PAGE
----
As we talked, the plot of the film began to unravel and we became aware of moments of mystification: Was the girl’s father an abuser? If so, why not make it clear? Who was the father of the baby? Why was he not relevant? Why not allow the relationship of the two girls to develop? How did she find her cousin and the boy after they had vanished into the streets of New York? Would the women in the recovery room ignore one another?  Why couldn’t she talk to her mother? What conversation would she have with her mother when she returned home? These mystifications are necessary for the girls to remain inarticulate.

When we googled the filmmaker we found the intent was to make a pro abortion film. Presumably, if abortion were available in her home town, greater dialogue would have been possible? Although she didn’t want her parents to know, so dialogue with whom? And the final question: Who is going to see the film? Would the two girls at its centre sit through an art film? Unlikely. The portrayal of oppression involves aesthetic choices which are also political choices on the part of the artist. To deny the working class articulation in the interests of art is a serious decision to make: Never? Rarely? Sometimes? Always?

Despair (2)

A preview performance of our stories at Red Books went well. Performing is always healing, as is the coherence of a story formed and perfected. For a moment the dross falls away and clarity is achieved. The contradictions and ironies become the sinews of reality. For a moment.

Only one mask wearer, who in a situation of presence was absent. And that is one function of the mask, to protect oneself against the presence of the other and to protect the other against one’s own presence, to become effectively, as absent as possible. That is the rationality for the burqa, to protect the woman against serial male desire and to protect the woman from reciprocating. Presence and desire are then privatised to the patriarch’s bedroom.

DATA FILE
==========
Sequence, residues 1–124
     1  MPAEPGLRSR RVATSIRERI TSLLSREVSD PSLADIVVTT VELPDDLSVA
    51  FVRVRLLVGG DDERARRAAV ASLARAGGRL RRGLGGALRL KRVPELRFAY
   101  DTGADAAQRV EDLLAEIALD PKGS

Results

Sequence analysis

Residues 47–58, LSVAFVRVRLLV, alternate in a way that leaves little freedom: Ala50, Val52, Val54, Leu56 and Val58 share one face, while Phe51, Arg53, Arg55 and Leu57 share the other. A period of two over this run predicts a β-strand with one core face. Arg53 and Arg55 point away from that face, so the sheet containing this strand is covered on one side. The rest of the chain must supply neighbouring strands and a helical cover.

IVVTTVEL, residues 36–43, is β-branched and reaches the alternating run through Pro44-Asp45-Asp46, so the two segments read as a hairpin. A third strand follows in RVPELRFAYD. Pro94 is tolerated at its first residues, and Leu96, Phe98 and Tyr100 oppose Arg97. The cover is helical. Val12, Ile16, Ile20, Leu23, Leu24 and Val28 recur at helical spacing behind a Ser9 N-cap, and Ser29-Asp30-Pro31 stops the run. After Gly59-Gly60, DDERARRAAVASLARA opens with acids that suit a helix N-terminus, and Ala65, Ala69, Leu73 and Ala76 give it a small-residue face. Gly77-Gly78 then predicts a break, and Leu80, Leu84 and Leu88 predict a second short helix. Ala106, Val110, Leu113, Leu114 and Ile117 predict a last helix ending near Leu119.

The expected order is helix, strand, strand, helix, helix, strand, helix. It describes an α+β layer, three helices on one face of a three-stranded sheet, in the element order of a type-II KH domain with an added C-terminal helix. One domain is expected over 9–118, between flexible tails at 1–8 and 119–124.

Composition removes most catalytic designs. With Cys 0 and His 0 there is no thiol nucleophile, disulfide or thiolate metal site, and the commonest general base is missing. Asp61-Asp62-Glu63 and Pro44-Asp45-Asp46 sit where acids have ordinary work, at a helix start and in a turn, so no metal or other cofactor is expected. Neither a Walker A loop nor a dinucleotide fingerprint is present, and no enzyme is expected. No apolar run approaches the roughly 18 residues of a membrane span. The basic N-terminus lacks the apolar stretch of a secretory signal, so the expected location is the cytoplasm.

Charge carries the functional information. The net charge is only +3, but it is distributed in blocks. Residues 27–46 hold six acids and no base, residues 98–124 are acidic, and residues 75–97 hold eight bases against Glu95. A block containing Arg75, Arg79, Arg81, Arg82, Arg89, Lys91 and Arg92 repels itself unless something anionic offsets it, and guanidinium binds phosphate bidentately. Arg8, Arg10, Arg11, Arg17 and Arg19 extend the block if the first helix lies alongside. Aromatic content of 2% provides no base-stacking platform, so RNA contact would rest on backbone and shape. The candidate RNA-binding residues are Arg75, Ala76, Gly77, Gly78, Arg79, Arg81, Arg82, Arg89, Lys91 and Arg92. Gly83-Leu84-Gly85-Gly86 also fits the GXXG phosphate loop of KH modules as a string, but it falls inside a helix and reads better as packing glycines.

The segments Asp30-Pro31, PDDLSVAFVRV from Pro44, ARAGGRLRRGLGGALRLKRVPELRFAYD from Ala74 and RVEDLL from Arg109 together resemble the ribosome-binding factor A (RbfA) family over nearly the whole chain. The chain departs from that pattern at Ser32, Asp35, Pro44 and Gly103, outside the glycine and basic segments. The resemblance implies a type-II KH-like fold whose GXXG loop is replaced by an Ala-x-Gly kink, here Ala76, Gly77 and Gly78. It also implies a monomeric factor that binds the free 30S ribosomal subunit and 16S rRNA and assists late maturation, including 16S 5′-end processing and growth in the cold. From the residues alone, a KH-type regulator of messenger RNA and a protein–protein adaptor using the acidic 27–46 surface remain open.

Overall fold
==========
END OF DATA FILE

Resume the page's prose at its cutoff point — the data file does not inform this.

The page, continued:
A contrary function of the mask is to allow freedom of the libido, as in the carnival. For the Zapatista the mask protects the ‘we’ from the state gaze. And one of the ironies of any mandatory mask wearing will be to sabotage CCTV and facial recognition systems.

Meanwhile, the Greenland ice cap has melted. The canary is dead with barely a mention in the media.

Back to the despair of trying to forge different relationships in the real world. There’s a bulk food store for sale in Greymouth, the perfect venture for Te Puawai Co-op to facilitate an Invercargill style venture ( where such a facility is run by a collective which involves people with a disability. Despite Provincial Growth Funds, mayoral job funds, Development West Coast, employment schemes, wage subsidies, various NGOs advocating for the disabled, there is no effective interest. If we did get something off the ground a saboteur would appear, a system centred buyer. For the sake of some minimal capital nothing transformative will happen outside the sphere of art.

The Greenland ice cap has melted. The canary is dead.

A sign outside a café: Now that you have learned to wash your hands children, we will learn to put our chairs under our desks neatly.  Jacinda has become over exposed. There’s a visceral rebellion welling up which could seriously fragment the political landscape.

A commentator has described the current world as no longer capitalist, but neo feudal, with kings and queens, an aristocracy, a gentry, guilds of skilled workers, and at the bottom serfs no longer tied to land but tied to pracarity: a cheap rental if you’re lucky, or a cheap car, a shopping trolley, a sleeping bag, a cell phone if you’re unlucky… Within this the search for transformative relationship is hugely difficult: how to create the autonomous zone, the commune, how to link up effectively while respecting diversity? There are promising signs that the new age impulse is becoming politicised, past the privilege of food choice, life style block and mouse-click environmentalism, leading to the seeking of relations of solidarity not within or against but outside the feudal system.